Fuel Delivery Showdown
Hot Rod|December 2020
Fuel Delivery Showdown
Dyno battle between LS Swap 5.3L direct-injected L83 and LM7
Steven Rupp

We were a bit skeptical of the direct injection (DI) 5.3L L83 engines when they first started showing up in the salvage channels. After all, the 5.3L LM7 was a proven engine-swap powerhouse for those on a budget; this meant the new DI L83 mills had some very capable shoes to fill. The 5.3L LM7, and other LS variants, are currently the go-to choices of the performance world. Although it can be argued that position had as much to do with price and availability as the actual performance. The Gen III and Gen IV 5.3L engines offer impressive performance, especially compared to the small-blocks they replaced at GM. Making them even more desirable was the fact that sizable power gains were just a cam swap and valvespring upgrade away. And that’s not even getting into the boost side of the equation, where big power can be had for just a few dollars more. Cheap and powerful are always going to be a popular combination, but if these tests are any indication, the Gen V L83 might become just as popular, especially once they become more prevalent in the wrecking yards. One thing we know for sure after this initial testing, the new L83 5.3L makes some serious power.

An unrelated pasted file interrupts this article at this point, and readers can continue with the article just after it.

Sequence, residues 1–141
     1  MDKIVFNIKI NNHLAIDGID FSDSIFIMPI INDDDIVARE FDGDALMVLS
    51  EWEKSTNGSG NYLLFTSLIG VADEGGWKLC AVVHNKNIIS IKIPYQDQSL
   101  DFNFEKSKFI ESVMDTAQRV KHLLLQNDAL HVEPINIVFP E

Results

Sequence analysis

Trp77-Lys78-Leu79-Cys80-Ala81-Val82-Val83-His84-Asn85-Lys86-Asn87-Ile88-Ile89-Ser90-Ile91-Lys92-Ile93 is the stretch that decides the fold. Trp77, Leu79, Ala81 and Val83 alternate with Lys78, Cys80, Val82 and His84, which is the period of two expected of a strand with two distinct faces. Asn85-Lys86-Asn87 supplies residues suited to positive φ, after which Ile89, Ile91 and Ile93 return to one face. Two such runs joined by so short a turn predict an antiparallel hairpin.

Sources Gandrud Chevrolet; 800.242.2844; email:parts@gandrund.com

Holley/Hooker; 270.782.2900;holley.com

The younger segment of our hobby might not realize it, but the L83 designation for the modern, direct-injected 5.3L is not new. It was used previously on the Cross-Fire injected, 5.7L powerplant employed on the 1982 and 1984 Corvettes; there was no Corvette for 1983. The Cross-Fire injection offered by Chevrolet featured a trick, cross-ram intake design fed by a pair of single-hole throttle bodies. Rated at 205 hp in 1984, the L83 Cross-Fire was the precursor to the L98 Tuned-Port engines. As you might imagine, the original, 205-hp L83 is not looked at fondly by most Chevroletenthusiasts, but the new Gen V L83 might just change that. Sure, it will never eclipse the status of other alpha-numeric legends like the DZ302, L88 or LS6, but it should have no problem improving the reputation of the L83 moniker for future generations. Looking at rated power alone, the Gen V L83 stepped up the power output of the original 205hp 350 to a solid 355 hp. The extra 150 hp offered by the newer L83 is even more impressive given the fact the gains came after a drop in displacement (324 inches vs 350 inches) and sizable increase in fuel economy.

Here is a comparison between the 5.3L L83 DI engine and the port-fuel injected 5.3L LM7. Thanks to variable cam timing, higher compression, and (likely) improved head flow, the modern L83 made not only more peak power but a ton more torque. Rated a solid 50 hp over the previous LM7 (depending on year and application), what we really liked about the L83 was the huge gain in torque through the entire rev range.


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December 2020